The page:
Now we are even: Part I

This story is a bit long, so Part II will posted Thursday, it’ll be worth the wait.  — You can read Part II here.

Many years ago, I’d say around 2001, my mother and I came home one day and found someone abandoned a dog in front of our house.

He was lying with the bottom half of his body inside a broken carton box, barely a bunch of bones, he only lifted his head  when we approached him.  Then we heard a rhythmic bang against the box, he was wagging his tail.  I lost a piece of my heart right then.

We knew he was a mixed breed;  black, with longish ears, long snout, very small brown eyes, relatively short legs.  He couldn’t walk.  He just dragged himself when he wanted to move (one of the reasons why this story resonated in my heart last year).

We were coming home from the grocery store and had a bag of dog food in the trunk (we already had our boxer) so I opened it and with my hands poured some food in front of him.  He began to eat immediately.  I told my mom I just wanted him to have a full stomach if he died.

I poured much more food before he stopped eating.

Later that day we went back outside to check on him and didn’t see him.  We walked the whole street and found nothing.  Since he could barely move, we thought we were going insane.  Maybe the dog was a vision.  Maybe it was like a heavenly moment, “because I was hungry, and you fed me” or something.

But the next day, he was in the same spot we saw him the first time.  He had dragged himself back to us for food and we were delighted to see he was alive.  I fed him again and while he ate I had a long conversation with him where I told him:  “if you don’t die, I’m going to give you a home.  You’ll never be hungry again, and your name is going to be Triunfo.”  Triunfo means Triumph.   I thought it fit.

Several days passed, and then weeks and he continued to gain weigh.  Eventually he started walking.  We discovered he hid in our front yard at night and carried his plate of food and water in his snout  -without dropping anything- to the corner of our house and covered it in leaves, camouflaging it so well I replaced his bowls almost daily because I couldn’t find them.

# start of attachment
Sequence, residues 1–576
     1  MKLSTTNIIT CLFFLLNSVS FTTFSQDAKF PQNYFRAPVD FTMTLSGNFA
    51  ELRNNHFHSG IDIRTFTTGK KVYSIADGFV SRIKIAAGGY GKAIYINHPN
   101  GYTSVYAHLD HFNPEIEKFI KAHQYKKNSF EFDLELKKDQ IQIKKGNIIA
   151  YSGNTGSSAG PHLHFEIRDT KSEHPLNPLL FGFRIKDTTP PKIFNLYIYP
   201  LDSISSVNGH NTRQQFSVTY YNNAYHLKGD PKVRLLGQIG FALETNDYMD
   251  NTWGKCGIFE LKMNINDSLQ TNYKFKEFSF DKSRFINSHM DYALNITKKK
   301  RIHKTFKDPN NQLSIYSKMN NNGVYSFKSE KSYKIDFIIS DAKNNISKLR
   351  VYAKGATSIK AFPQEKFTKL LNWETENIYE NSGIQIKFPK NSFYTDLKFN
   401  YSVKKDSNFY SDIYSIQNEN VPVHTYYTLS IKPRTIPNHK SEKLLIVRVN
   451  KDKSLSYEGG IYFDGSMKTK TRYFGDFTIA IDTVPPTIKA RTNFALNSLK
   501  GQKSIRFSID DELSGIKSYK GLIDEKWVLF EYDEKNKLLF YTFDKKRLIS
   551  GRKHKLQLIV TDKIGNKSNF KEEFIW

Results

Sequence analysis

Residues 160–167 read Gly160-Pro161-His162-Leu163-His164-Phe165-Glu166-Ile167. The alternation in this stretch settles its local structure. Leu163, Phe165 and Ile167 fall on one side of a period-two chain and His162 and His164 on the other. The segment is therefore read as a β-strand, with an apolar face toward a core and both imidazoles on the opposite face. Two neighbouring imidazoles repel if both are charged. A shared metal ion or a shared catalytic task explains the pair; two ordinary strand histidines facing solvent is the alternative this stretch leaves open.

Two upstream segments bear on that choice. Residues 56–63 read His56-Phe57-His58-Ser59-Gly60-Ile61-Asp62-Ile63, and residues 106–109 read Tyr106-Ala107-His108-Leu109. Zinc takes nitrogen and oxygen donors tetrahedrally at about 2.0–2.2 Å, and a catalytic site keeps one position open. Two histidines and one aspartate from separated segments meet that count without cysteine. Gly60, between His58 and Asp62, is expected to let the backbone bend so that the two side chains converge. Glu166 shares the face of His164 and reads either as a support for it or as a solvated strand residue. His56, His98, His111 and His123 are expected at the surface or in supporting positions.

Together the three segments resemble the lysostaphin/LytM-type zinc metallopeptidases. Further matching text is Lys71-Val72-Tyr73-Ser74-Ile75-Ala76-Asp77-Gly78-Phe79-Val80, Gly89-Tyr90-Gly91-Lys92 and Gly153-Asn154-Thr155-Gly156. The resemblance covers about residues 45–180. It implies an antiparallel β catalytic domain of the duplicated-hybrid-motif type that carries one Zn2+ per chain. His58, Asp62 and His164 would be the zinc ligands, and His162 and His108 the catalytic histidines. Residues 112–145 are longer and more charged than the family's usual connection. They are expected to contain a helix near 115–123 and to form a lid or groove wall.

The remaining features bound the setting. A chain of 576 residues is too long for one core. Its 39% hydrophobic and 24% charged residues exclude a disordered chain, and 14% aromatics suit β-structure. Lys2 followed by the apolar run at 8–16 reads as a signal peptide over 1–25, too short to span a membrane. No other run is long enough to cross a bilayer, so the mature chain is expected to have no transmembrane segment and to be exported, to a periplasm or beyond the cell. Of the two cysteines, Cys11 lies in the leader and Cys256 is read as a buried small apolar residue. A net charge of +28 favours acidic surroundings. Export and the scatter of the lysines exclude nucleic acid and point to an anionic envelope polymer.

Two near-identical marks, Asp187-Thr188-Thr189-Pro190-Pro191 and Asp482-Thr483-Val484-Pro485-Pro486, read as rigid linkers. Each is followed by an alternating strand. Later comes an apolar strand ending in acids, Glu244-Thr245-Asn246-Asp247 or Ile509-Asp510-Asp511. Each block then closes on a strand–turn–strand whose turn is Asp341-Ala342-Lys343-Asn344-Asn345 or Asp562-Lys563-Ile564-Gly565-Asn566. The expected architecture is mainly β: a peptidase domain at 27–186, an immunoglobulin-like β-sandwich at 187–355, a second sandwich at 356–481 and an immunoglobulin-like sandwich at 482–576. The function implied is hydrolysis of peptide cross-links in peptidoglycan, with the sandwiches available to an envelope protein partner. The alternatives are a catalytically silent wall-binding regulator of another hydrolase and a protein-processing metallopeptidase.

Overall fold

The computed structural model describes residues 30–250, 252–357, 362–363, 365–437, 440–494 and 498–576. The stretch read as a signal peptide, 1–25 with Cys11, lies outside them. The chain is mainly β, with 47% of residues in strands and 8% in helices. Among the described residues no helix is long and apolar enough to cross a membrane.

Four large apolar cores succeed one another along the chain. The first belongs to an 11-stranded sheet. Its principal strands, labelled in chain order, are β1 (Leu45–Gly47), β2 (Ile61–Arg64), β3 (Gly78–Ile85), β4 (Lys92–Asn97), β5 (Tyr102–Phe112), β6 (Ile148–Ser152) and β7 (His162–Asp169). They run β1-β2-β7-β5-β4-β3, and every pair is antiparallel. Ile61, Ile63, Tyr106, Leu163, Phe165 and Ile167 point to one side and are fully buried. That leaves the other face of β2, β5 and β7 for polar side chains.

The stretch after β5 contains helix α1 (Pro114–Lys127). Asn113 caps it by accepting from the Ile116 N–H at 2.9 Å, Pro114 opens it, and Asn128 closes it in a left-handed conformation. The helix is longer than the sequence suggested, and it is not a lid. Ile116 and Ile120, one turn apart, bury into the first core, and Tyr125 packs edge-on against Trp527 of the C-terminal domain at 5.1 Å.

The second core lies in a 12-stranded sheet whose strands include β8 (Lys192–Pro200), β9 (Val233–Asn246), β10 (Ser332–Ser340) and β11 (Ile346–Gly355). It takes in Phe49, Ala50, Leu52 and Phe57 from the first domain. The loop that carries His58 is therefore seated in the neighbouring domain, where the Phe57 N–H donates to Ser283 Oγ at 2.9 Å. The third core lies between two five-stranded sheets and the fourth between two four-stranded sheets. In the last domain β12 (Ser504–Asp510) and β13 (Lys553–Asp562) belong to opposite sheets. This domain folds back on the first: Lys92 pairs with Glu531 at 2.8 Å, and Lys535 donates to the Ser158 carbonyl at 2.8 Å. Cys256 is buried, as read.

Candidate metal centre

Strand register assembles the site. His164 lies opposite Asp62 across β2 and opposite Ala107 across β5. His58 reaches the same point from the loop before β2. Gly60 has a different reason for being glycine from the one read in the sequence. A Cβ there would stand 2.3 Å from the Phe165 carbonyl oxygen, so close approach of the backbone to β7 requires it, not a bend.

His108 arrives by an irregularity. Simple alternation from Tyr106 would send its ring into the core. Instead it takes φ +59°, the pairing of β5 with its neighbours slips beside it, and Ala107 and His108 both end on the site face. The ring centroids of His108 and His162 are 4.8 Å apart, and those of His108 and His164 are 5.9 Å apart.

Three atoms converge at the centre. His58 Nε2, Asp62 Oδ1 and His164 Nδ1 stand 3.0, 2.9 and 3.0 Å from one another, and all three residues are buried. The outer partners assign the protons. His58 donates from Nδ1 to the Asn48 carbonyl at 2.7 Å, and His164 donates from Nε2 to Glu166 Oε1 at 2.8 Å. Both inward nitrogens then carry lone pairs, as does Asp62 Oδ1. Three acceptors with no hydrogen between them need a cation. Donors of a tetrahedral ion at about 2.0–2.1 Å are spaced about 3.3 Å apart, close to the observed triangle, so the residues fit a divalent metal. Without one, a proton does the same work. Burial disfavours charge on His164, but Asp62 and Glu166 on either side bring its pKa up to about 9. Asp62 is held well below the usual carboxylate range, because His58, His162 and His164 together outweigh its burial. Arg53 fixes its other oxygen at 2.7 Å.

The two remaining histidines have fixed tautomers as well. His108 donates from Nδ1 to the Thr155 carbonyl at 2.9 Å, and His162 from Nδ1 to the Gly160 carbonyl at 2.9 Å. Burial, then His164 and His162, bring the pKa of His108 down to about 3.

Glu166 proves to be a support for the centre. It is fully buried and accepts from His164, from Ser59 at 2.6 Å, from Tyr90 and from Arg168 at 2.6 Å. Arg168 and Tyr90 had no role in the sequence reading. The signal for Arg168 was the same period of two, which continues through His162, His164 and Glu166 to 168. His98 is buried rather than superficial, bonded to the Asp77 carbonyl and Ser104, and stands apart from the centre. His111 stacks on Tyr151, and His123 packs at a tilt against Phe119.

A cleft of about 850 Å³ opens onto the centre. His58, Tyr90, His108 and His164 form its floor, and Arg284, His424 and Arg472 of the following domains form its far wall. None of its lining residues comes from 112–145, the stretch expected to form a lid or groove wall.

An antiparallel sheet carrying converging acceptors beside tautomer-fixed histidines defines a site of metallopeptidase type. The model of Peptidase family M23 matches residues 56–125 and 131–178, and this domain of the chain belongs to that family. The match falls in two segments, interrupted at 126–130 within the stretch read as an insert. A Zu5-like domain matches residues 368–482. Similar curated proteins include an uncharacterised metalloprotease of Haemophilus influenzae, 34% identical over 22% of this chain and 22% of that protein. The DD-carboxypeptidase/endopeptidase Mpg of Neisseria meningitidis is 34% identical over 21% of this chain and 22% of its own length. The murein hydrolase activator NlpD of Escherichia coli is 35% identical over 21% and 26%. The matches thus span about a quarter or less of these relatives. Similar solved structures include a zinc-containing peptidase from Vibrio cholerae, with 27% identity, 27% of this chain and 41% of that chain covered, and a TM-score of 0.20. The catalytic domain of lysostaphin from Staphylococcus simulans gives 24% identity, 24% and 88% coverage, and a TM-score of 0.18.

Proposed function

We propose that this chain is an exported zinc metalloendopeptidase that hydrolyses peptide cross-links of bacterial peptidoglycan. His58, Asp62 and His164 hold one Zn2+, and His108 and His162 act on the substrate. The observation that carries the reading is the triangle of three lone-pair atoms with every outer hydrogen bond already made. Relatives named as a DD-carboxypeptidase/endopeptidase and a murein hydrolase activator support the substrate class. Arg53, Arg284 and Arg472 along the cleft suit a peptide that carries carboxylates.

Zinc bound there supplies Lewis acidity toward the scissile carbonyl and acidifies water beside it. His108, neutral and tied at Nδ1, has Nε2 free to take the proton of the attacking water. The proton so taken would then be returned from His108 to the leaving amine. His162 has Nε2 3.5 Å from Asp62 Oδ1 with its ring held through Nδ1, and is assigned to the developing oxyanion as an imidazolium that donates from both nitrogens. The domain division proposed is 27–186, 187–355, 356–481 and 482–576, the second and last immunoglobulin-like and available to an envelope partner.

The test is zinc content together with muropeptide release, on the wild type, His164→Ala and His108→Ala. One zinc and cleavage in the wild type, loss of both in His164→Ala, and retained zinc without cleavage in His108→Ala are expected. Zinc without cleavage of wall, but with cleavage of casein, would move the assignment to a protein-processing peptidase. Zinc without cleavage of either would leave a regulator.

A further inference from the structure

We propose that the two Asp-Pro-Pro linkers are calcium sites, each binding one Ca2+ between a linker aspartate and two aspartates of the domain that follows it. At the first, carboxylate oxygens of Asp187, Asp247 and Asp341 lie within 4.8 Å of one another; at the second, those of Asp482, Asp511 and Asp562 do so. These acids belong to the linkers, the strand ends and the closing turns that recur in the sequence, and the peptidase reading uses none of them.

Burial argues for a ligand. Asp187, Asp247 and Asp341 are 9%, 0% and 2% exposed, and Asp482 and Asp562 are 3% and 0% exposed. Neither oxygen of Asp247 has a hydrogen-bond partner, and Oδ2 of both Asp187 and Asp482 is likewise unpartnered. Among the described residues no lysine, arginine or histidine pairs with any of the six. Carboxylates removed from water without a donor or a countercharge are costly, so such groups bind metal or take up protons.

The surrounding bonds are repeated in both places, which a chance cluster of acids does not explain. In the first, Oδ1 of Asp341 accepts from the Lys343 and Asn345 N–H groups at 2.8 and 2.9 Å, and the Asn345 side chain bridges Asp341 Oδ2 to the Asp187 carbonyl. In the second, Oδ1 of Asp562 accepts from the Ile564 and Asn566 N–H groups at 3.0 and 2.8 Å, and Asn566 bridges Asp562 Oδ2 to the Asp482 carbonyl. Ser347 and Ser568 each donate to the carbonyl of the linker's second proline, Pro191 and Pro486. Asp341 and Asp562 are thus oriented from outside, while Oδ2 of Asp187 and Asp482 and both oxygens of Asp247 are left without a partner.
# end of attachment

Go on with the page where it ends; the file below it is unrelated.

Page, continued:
He began to feel territorial about the space in front of our house, and began to bark at people when they stepped too close to our home so we took him to the vet, treated him for scabies, gave him all his vaccines and when it was time, we took him inside.

Our boxer and Triunfo fell in love through our gate.  They cried for each other and gazed lovingly into each other’s eyes;  until Triunfo was inside and it was time to decide who was the boss.  They fought for two days straight.  I was terrified either of them would be injured.  I don’t know who won, to this day, it’s not clear who’s the alfa, but they stopped fighting and finally Triunfo officially became part of our family.

He is incredibly smart.

I thought, since he was an adult when we rescued him, it would be harder to teach him new commands. One day I had both our boxer and him in front of me waiting for treats, I commanded the boxer to sit and when she did, I gave her the treat.  Then I jokingly commanded Triunfo to sit, laughing even, and while I lowered my hand with the treat;  he sat down.   I was flabbergasted, but that day he learned to sit and stay.

We had a bit of a challenge with him when it came to broomsticks.   Whenever we touched one, he fled, hiding for hours.  The vet told us that’s probably how his previous owner broke his hipbone.   We also gave up on trying to tie him up on special occasions because he can escape from any type of brace or collar or gate, even, that we’ve tried to put him in so when someone visits he gets to hang inside the laundry room where he plays with any piece of dirty or clean clothing.  I bet if we left him there long enough he would learn how to open the door.

He’s sweet, decent, thankful and turned out to be a great guardian.  He’s never had any issues with people or animals, as long as they don’t come too close to us or he feels they are a menace to our safety.  We’ve always suspected he would put himself on the line for any of us.

On the morning of February the twenty first he confirmed it.  Triunfo saved my life.

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3 thoughts on “Now we are even: Part I

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